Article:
Right in our North Suburban backyard, "The Color of Law" noted other ways government participated in pushing back against a proposed integrated project in 1959. In that situation, when large numbers of community members in Deerfield came out against a project that proposed 51 houses, with a plan to sell 10 to African Americans, the park district condemned the land for park purposes, which in effect stopped the proposed integrated project.
Before the housing project had been proposed, the community had rejected a bond issue for parks on the land, but after the integrated project was put on the table, the bond issue was easily approved.
A federal court upheld the park district action, saying it was not racially motivated since they had proposed the condemnation before the project came to light.
Restrictive covenants were another method used around the country, and in our own area, to keep neighborhoods white. While handling a recent real estate purchase for a client, in reviewing docs related to the property, I came across a declaration of restrictions from 1945 for a North suburban subdivision that explicitly stated, "No persons except members of the Caucasian-Gentile race shall use or occupy any building or any residential site, except domestic servants of a different race."
Though such covenants are no longer enforceable, they were used for years to keep Black people out of many areas.
In 1968, the Fair Housing Act was passed by Congress to prohibit housing discrimination on the basis of race, sex, religion and other factors, and required local governments to demonstrate that policies like zoning rules and allocation of housing subsidies didn't exclude low-income housing or contribute to furthering racial segregation.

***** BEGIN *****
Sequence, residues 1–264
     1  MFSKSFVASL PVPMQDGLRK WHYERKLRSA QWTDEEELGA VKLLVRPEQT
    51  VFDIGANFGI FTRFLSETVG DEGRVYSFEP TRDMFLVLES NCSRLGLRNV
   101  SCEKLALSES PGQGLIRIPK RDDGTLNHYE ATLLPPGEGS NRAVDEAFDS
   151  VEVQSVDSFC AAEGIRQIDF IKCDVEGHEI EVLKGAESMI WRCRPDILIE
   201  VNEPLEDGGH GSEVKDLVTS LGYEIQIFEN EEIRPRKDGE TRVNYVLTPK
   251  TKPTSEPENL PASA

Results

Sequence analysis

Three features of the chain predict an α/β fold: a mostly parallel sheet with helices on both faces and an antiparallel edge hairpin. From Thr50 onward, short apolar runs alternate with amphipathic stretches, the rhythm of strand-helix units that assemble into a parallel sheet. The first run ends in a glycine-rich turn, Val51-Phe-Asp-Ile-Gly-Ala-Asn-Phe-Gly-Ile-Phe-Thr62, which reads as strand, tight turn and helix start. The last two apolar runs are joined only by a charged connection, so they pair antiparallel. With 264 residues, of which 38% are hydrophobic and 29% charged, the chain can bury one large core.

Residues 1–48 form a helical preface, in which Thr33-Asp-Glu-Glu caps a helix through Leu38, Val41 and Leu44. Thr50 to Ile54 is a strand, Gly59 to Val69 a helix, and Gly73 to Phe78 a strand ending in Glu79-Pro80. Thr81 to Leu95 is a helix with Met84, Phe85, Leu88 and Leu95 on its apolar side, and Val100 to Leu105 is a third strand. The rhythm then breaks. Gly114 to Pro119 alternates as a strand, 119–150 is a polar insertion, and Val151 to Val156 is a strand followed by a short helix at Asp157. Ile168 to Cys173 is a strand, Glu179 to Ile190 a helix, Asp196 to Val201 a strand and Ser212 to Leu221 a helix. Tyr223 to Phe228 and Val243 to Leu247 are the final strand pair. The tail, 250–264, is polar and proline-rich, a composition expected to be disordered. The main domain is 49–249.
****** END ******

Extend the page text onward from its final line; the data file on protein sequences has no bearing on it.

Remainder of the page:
That conceptually was a positive step, but the act did not have meaningful enforcement relating to segregation.
In 2015, the Obama administration adopted an administrative rule called Affirmatively Furthering Fair Housing. The regulation gave some teeth to the 1968 act by saying that a community must study its housing practices and plan to dismantle discrimination, end exclusionary zoning and build more affordable housing to qualify for federal infrastructure funding.
In August of last year, the Trump Administration repealed the AFFH rule. The Biden Administration has pledged to reinstate it, and is committed working for fair and equitable housing polices for all.
The details on the reinstatement have not yet been released by the new administration, but President Biden issued a memo to HUD to fully review the Trump Administration's actions to determine what new rules should be put in place.
Segregation is not something that is just part of history, but an ongoing problem. It has been systemic and fostered by long-standing policies rooted in prejudice. It has had a severe, cumulative economic impact on Black families and their ability to share in the dream of homeownership, access to education, jobs and neighborhood amenities that many of us take for granted.
We have seen improvements, but we still face a challenge in how to take it on. I only hope we can begin to see more progress in light of the impact that segregation has had on Black Americans throughout our nation and in our own Chicago area.